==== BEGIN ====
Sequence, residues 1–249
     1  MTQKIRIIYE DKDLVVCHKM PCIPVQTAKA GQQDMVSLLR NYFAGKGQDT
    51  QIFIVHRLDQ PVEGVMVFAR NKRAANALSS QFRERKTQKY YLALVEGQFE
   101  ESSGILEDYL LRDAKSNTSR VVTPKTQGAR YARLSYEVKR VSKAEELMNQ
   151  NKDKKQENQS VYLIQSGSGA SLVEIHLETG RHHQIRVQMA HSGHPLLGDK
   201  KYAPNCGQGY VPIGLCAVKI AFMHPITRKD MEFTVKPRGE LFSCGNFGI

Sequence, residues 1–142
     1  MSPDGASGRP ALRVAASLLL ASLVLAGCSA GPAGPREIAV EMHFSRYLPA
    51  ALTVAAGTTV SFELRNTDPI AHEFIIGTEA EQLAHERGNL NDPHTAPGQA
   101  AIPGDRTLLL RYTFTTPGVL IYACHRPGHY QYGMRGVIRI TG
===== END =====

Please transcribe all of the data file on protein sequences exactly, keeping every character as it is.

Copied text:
Sequence, residues 1–249
     1  MTQKIRIIYE DKDLVVCHKM PCIPVQTAKA GQQDMVSLLR NYFAGKGQDT
    51  QIFIVHRLDQ PVEGVMVFAR NKRAANALSS QFRERKTQKY YLALVEGQFE
   101  ESSGILEDYL LRDAKSNTSR VVTPKTQGAR YARLSYEVKR VSKAEELMNQ
   151  NKDKKQENQS VYLIQSGSGA SLVEIHLETG RHHQIRVQMA HSGHPLLGDK
   201  KYAPNCGQGY VPIGLCAVKI AFMHPITRKD MEFTVKPRGE LFSCGNFGI

Sequence, residues 1–142
     1  MSPDGASGRP ALRVAASLLL ASLVLAGCSA GPAGPREIAV EMHFSRYLPA
    51  ALTVAAGTTV SFELRNTDPI AHEFIIGTEA EQLAHERGNL NDPHTAPGQA
   101  AIPGDRTLLL RYTFTTPGVL IYACHRPGHY QYGMRGVIRI TG